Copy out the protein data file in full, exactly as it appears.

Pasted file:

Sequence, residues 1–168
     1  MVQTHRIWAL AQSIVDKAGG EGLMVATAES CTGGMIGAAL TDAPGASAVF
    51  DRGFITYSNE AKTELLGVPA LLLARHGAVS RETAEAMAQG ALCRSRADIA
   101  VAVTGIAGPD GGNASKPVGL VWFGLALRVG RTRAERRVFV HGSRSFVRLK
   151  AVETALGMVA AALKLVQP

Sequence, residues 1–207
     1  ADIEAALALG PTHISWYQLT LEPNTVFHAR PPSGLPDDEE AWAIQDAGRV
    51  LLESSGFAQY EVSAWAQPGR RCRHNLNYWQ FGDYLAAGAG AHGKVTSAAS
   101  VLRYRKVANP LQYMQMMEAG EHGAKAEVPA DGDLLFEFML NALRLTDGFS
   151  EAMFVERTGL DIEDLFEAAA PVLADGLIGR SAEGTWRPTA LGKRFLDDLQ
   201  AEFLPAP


Sequence, residues 1–168
     1  MVQTHRIWAL AQSIVDKAGG EGLMVATAES CTGGMIGAAL TDAPGASAVF
    51  DRGFITYSNE AKTELLGVPA LLLARHGAVS RETAEAMAQG ALCRSRADIA
   101  VAVTGIAGPD GGNASKPVGL VWFGLALRVG RTRAERRVFV HGSRSFVRLK
   151  AVETALGMVA AALKLVQP

Sequence, residues 1–207
     1  ADIEAALALG PTHISWYQLT LEPNTVFHAR PPSGLPDDEE AWAIQDAGRV
    51  LLESSGFAQY EVSAWAQPGR RCRHNLNYWQ FGDYLAAGAG AHGKVTSAAS
   101  VLRYRKVANP LQYMQMMEAG EHGAKAEVPA DGDLLFEFML NALRLTDGFS
   151  EAMFVERTGL DIEDLFEAAA PVLADGLIGR SAEGTWRPTA LGKRFLDDLQ
   201  AEFLPAP